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Online Dating Magazine > Columns > Office Hours with Dr. Jim > Breaking Up Back Together

Office Hours With Dr. Jim
by James Houran, Ph.D

In this column, "Dr. Jim" honestly and candidly answers your questions about dating, love and sexuality. He doesn’t tell you what you want to hear – he tells you what you need to hear. Dr. Jim is committed to offering you guidance based on responsible clinical practice and hard data from the latest scientific studies. Send Dr. Jim your questions today for consideration in an upcoming issue.

Breaking Up Then Getting Back Together

Quick Access:
Is Breaking Up and Getting Back Together Good or Bad?

Me and my girlfriend keep breaking up and then getting back together. Does this mean the relationship is just not meant to be and that we should split up for good?


The answer depends on the particular circumstances involved. If break-ups happen because a couple can’t successfully resolve expectations and reach mutually accepted understandings, then on and off cycles are a huge red flag. If break-ups happen because one or both individuals in a relationship fly off the handle at the first sign of conflict or disagreement, then on and off cycles again are a wake up call. On the other hand, a couple could also experience on and off cycles due to intimacy issues that can be resolved with some openness and truthfulness.

One of the most pervasive issues related to intimacy is Fear of Commitment, which is an ambivalence or lack of desire to commit exclusively to a romantic partner. Commitment itself is a psychological state that involves a combination of long-term orientation, intention to persist, and psychological attachment (5). One important study (1) reported evidence for the power of these factors to predict relationship satisfaction and relationship stability in dating couples. Long-term orientation, in particular, consistently predicted relationship persistence, thus figuring heavily in the maintenance of relationships over time. Participants who left a relationship scored significantly lower on measures of long-term orientation, while those who stayed in a relationship scored higher on long-term orientation but not on the other two factors. In contrast, a study of the link between commitment and forgiveness involving dating college students (4) found that the intent to persist factor was more relevant than either the long-term orientation or psychologicalattachment factors. However, all of these findings boil down to two particular questions that couples should ask themselves: “Can you envision yourself with this person in the long-term?” and “What am I willing to do to make things work out with this person?”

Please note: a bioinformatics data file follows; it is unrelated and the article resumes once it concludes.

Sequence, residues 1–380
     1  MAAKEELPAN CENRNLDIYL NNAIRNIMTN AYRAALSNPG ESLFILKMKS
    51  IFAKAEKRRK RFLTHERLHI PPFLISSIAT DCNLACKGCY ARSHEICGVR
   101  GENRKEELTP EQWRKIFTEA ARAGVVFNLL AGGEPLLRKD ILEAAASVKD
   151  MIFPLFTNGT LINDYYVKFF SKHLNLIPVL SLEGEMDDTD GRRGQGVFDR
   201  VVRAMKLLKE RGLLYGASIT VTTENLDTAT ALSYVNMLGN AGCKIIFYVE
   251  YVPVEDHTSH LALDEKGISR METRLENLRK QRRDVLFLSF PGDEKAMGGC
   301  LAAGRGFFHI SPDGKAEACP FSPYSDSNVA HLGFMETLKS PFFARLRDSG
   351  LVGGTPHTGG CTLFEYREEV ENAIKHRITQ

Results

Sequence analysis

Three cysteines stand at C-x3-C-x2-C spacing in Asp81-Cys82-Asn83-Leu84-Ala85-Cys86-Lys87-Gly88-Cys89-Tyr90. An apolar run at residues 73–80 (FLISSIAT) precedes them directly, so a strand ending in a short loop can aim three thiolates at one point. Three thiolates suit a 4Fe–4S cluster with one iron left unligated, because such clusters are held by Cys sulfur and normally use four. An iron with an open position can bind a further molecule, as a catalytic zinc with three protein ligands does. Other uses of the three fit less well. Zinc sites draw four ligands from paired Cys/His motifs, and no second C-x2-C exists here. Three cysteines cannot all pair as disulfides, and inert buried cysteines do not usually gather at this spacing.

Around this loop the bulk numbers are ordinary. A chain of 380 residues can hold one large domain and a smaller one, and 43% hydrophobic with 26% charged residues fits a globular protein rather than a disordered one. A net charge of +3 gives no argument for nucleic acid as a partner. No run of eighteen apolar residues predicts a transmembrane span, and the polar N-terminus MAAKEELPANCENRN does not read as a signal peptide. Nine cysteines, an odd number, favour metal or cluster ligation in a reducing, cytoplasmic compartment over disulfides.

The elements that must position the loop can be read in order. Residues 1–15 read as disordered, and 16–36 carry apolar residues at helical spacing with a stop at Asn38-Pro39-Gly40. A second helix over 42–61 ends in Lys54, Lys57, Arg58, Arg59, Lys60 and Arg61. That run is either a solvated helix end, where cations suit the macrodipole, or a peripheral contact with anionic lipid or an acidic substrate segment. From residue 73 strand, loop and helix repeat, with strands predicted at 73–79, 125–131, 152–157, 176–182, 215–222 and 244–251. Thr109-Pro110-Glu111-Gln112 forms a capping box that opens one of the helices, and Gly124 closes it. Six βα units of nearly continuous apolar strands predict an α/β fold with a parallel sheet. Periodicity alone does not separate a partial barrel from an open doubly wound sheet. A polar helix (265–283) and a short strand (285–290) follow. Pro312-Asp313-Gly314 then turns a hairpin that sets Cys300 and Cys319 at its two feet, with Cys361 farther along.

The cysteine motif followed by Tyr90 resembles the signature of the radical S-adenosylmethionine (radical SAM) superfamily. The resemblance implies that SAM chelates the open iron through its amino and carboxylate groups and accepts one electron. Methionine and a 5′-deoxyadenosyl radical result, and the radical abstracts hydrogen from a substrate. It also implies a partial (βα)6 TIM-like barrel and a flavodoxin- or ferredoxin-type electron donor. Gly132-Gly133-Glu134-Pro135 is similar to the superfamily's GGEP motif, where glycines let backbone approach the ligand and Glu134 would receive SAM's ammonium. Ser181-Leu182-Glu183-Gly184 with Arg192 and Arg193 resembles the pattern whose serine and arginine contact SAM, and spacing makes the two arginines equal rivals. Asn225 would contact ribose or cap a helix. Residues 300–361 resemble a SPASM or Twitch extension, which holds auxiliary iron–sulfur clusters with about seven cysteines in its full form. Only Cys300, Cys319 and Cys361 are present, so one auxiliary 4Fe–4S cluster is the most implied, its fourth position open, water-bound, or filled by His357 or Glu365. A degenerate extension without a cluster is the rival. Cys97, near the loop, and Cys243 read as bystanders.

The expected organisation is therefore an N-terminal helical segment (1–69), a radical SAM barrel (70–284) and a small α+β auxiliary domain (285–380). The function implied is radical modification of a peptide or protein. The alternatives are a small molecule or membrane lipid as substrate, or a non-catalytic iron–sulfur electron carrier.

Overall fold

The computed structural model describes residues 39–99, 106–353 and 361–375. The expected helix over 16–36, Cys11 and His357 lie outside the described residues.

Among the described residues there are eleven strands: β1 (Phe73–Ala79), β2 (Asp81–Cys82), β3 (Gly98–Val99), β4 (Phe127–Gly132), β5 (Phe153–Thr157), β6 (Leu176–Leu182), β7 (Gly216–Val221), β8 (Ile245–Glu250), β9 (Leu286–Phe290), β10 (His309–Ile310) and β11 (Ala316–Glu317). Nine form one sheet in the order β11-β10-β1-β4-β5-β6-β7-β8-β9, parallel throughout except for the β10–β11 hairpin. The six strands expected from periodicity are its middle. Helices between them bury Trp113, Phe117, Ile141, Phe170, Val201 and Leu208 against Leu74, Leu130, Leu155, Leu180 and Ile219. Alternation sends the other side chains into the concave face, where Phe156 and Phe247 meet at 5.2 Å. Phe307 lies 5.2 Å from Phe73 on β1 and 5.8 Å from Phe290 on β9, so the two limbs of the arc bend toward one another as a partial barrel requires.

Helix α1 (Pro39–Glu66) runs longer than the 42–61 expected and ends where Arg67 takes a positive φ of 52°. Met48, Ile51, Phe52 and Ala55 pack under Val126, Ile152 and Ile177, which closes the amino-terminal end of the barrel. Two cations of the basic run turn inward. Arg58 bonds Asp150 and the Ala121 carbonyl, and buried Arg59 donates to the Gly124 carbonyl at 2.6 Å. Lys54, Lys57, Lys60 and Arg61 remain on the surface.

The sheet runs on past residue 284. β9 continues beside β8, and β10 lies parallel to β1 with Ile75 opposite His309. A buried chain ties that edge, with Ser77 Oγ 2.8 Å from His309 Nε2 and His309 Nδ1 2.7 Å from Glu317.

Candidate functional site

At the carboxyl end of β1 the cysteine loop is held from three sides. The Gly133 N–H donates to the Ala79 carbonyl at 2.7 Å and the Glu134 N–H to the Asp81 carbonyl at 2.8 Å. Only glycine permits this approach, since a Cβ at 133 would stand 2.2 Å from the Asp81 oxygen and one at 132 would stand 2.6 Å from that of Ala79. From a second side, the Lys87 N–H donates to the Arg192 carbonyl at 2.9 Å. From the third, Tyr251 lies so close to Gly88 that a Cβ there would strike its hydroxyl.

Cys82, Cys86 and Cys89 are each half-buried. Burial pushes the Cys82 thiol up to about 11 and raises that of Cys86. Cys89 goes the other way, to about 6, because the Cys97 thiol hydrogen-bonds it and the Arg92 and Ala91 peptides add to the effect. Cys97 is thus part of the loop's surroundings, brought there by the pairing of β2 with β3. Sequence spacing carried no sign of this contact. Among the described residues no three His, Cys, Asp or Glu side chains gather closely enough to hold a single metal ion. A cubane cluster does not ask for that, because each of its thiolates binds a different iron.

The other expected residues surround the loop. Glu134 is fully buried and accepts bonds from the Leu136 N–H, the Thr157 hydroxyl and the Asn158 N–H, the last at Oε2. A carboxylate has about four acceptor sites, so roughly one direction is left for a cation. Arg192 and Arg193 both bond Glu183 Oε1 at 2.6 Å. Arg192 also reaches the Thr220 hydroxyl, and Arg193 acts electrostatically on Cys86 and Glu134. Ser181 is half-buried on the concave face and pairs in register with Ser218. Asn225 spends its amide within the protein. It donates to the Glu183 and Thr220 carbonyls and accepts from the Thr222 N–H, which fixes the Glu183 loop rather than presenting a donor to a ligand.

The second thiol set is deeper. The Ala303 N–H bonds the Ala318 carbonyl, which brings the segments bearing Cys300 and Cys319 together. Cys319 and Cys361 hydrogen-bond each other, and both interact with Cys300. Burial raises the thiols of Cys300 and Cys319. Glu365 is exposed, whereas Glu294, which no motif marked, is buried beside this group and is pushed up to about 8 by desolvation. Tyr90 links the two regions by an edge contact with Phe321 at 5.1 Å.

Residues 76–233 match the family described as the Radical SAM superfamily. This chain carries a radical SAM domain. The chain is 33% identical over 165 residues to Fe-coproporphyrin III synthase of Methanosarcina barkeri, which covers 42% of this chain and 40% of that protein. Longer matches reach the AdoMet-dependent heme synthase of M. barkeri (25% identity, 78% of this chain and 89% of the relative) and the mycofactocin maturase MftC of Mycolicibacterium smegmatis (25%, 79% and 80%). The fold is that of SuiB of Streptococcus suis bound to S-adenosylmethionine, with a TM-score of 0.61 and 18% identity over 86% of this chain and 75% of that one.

It seems to be an assumption in our culture that men are afraid to commit. Well, that could be called an urban myth. One interesting study (7) found – contrary to previous research and theory on male experience – that few men mentioned fear of intimacy or fear of being controlled. Moreover, about the same number of women reported these feelings as did men in the study. Men do experience fear in relationships, and this is often related to the perceived need to be the dominant partner and to be in control of and responsible for making decisions in the relationship, according to social customs. In other words, men are sometimes reacting to unrealistic social pressures.

Similarly, one cross-cultural study6 examined the “dismissing” form of adult romantic attachment. Dismissing attachment orientations are defined by an avoidance of close personal relationships and the tendency to prevent romantic disappointment by maintaining independence and emotional distance (2,3). A major finding from this provocative cross-cultural study was that “Men are more dismissing than women in almost all cultures, but these differences are usually quite small in magnitude” (p. 322).

You see, men and women experience intimacy issues. On and off cycles can simply be two people experiencing these normal intimacy issues at different times. As such, it’s the responsibility of both parties in a relationship to be open and honest with each other about any apprehensions being experienced. In this way, the couple can get on the same page, stop the commitment roller coaster and manage expectations for the future – assuming they both want the same future and are willing to do what it takes to achieve it.

Related Links:
» Breaking Up and Resentment
» Dealing with a Break Up and Relationship Closure
» How do I Break Up for Good?

1Arriaga , X. B., & Agnew, C. R., (2001). Being committed: affective, cognitive, and conative components of relationship commitment. Personality and Social Psychology Bulletin, 27, 1190-1203.

2Bartholomew, K. (1990). Avoidance of intimacy: an attachment perspective. Journal of Social and Personal Relationships, 7, 147-178.

3Bartholomew, K, & Horowitz, L. M. (1991). Attachment styles in young adults: a test of a four-category model. Journal of Personality and Social Psychology, 61, 226-244.

4Finkel, E. J., Rusbult, C. E. , Kumashiro, M., & Hannon, P. A. (2002). Dealing with betrayal in close relationships: Does commitment promote forgiveness? Journal of Personality and Social Psychology, 82, 956-974.

5Rusbult, C. E., & Buunk, B. P. (1993). Commitment processes in close relationships: an interdependence analysis. Journal of Social and Personal Relationships, 10, 175-204.

6Schmitt, D. P., Alcalay, L., & Allensworth, M., et al. (2003). Are men universally more dismissing than women? gender differences in romantic attachment across 62 cultural regions. Personal Relationships, 10, 307-331.

7Sweet, H. B. (1995). Perceptions of undergraduate male experiences in heterosexual romantic relationships: a sex role analysis. Unpublished doctoral dissertation, Department of Counseling, Developmental Psychology and Research Methods, Boston College: Boston, MA.

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